Minors held in violation of Flores and federal law

The way that the government can hold minors is governed both by federal statute and the Flores Settlement, a landmark 1997 court settlement reached after years of litigation in federal court which laid out specific standards for the treatment of migrant minors. 

In terms of law, 8 U.S.C. § 1232(b)(3) states that “[e]xcept in the case of exceptional circumstances, any department or agency... that has an unaccompanied alien child in custody shall transfer the custody of such child to… Health and Human Services not later than 72 hours after determining that such child is an unaccompanied alien child.” (HHS houses the Office of Refugee Resettlement, which is tasked with looking after unaccompanied minors.)

Flores states that the Immigration and Naturalization Service — the precursor to ICE, CBP, and USCIS — will hold minors in “safe and sanitary” facilities, separate from unknown adults, until they can be transferred to HHS custody within three to five days. This time limit has a few exceptions, including “the event of an emergency influx of minors into the United States, in which case INS shall place all minors… as expeditiously as possible,” a term that has been interpreted as meaning twenty days. In 2016, a decision by the U.S. Court of Appeals for the Ninth Circuit affirmed that the provisions of the settlement applied to accompanied, as well as unaccompanied, minors, meaning that families with minor children could also not be held for longer than that twenty-day threshold, even in “emergency influx” situations. This settlement is legally binding, and Trump administration efforts to modify its interpretations have been shot down by the courts.

Despite this, minors are routinely held in restrictive, under-resourced Border Patrol facilities — which don’t even meet the criteria to allow minors to be held there for up to 20 days under Flores — for far longer than 72 hours. Last year, the Washington Post reported that, at the time the story came out, BP was holding over 250 children age 12 and under for an average of six days. Families who are supposed to be released after 20 days in CBP facilities are routinely being held for longer periods. While there are allowances for emergency situations, there has been a steady growth in the volume of both asylum-seeking families and unaccompanied minors for over two years, with no clear endpoint. It is incumbent upon the government to find a way to accommodate this growth in a way that complies with its legal obligations.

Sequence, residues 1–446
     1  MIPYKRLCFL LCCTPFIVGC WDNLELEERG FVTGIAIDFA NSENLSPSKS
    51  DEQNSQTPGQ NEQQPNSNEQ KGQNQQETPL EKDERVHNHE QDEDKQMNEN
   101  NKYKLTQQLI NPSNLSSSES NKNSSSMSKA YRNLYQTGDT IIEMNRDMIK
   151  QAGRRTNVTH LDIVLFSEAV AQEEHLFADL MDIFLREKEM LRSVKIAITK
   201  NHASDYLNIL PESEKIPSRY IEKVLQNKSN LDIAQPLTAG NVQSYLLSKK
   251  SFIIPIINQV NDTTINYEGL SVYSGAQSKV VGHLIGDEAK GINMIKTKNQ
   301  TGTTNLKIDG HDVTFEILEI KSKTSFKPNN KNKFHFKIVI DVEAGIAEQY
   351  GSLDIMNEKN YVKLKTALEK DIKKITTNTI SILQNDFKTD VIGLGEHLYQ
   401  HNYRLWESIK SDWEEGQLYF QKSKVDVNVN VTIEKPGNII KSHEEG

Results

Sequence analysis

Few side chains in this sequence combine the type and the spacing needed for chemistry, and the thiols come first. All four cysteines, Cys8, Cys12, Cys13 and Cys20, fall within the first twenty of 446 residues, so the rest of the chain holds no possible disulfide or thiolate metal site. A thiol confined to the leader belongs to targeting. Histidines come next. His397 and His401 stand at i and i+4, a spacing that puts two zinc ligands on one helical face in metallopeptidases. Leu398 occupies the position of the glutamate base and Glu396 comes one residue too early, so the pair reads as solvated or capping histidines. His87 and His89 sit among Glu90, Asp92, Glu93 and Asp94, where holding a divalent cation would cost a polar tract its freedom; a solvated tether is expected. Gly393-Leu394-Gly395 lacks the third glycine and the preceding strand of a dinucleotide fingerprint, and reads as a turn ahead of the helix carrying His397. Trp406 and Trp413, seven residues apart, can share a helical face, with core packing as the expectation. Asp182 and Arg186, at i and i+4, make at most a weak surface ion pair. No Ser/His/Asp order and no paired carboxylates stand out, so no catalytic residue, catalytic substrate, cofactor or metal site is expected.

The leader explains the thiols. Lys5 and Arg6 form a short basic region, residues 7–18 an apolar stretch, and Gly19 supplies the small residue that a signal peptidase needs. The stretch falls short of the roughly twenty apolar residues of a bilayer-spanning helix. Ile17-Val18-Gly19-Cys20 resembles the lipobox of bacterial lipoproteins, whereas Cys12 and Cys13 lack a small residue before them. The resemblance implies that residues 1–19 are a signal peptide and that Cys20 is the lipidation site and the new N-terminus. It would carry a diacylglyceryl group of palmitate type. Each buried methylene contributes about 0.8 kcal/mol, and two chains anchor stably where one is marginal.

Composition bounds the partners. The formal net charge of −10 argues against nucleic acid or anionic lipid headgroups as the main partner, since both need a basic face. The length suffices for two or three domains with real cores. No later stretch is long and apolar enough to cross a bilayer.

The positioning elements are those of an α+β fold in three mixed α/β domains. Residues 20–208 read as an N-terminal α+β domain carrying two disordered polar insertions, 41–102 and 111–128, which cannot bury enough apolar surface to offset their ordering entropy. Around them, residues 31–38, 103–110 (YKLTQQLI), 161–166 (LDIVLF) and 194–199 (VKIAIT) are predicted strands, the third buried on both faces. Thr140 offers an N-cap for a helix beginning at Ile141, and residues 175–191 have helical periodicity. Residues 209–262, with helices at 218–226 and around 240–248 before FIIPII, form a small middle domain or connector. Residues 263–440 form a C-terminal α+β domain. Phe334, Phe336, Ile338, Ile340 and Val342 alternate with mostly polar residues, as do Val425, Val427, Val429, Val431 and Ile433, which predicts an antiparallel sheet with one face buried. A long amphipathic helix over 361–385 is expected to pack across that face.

A few extra days in a Border Patrol facility may not seem like a big deal, but the conditions in some of these facilities have been described as borderline inhumane, and particularly for younger children, there can be lasting impact to physical and mental health. Several children have died in CBP custody.

Discredited dental examinations used to transfer minors to adult custody

The same section of the U.S. code that prohibits the holding of unaccompanied minors by non-HHS departments for longer than 72 hours lays out guidelines for age determinations of people in custody. Accurately ascertaining age is incredibly important, because all of the specialized protections afforded to minors in the immigration system do not apply to adults over 18, who can be put into ICE custody indefinitely during a removal proceeding and have a harder time winning protections in court. 8 U.S.C. § 1232(b)(4) states that HHS and Homeland Security shall jointly “develop procedures to make a prompt determination of the age of an alien… in their respective custody. At minimum, these procedures shall take into account multiple forms of evidence, including the non-exclusive use of radiographs.”

However, Reveal reported in 2018 that, following years of Congressional directives to cease this practice, ICE has continued to use unreliable radiographs (X-rays) of detainees’ teeth as the sole piece of evidence to transfer teens who claimed to be under 18 into adult custody. These tests have even been used to override countervailing evidence like birth certificates. Experts agree that dental analysis can be a useful tool in age determinations, but can never give a definitive answer. Nonetheless, the federal government has continued to use them to strip potential minors of their particular protections, in direct contravention of the law, which specifically reads that the evidence should include the “non-exclusive use of radiographs” (emphasis added).

CBP “meters” Mexican asylum seekers at ports of entry